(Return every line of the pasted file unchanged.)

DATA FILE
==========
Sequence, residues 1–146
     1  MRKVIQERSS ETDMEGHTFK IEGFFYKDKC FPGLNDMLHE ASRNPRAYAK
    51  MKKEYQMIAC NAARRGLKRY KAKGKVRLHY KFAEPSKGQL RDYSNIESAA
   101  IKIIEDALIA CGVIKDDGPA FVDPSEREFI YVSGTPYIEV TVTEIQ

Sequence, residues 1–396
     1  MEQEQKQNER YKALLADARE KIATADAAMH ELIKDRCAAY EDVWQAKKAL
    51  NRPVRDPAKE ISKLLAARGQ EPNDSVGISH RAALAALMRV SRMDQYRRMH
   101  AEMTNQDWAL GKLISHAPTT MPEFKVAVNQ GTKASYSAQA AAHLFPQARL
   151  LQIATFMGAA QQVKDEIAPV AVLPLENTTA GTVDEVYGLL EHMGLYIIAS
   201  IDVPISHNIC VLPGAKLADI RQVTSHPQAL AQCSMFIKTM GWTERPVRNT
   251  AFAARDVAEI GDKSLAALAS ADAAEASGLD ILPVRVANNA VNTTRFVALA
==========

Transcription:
Sequence, residues 1–146
     1  MRKVIQERSS ETDMEGHTFK IEGFFYKDKC FPGLNDMLHE ASRNPRAYAK
    51  MKKEYQMIAC NAARRGLKRY KAKGKVRLHY KFAEPSKGQL RDYSNIESAA
   101  IKIIEDALIA CGVIKDDGPA FVDPSEREFI YVSGTPYIEV TVTEIQ

Sequence, residues 1–396
     1  MEQEQKQNER YKALLADARE KIATADAAMH ELIKDRCAAY EDVWQAKKAL
    51  NRPVRDPAKE ISKLLAARGQ EPNDSVGISH RAALAALMRV SRMDQYRRMH
   101  AEMTNQDWAL GKLISHAPTT MPEFKVAVNQ GTKASYSAQA AAHLFPQARL
   151  LQIATFMGAA QQVKDEIAPV AVLPLENTTA GTVDEVYGLL EHMGLYIIAS
   201  IDVPISHNIC VLPGAKLADI RQVTSHPQAL AQCSMFIKTM GWTERPVRNT
   251  AFAARDVAEI GDKSLAALAS ADAAEASGLD ILPVRVANNA VNTTRFVALA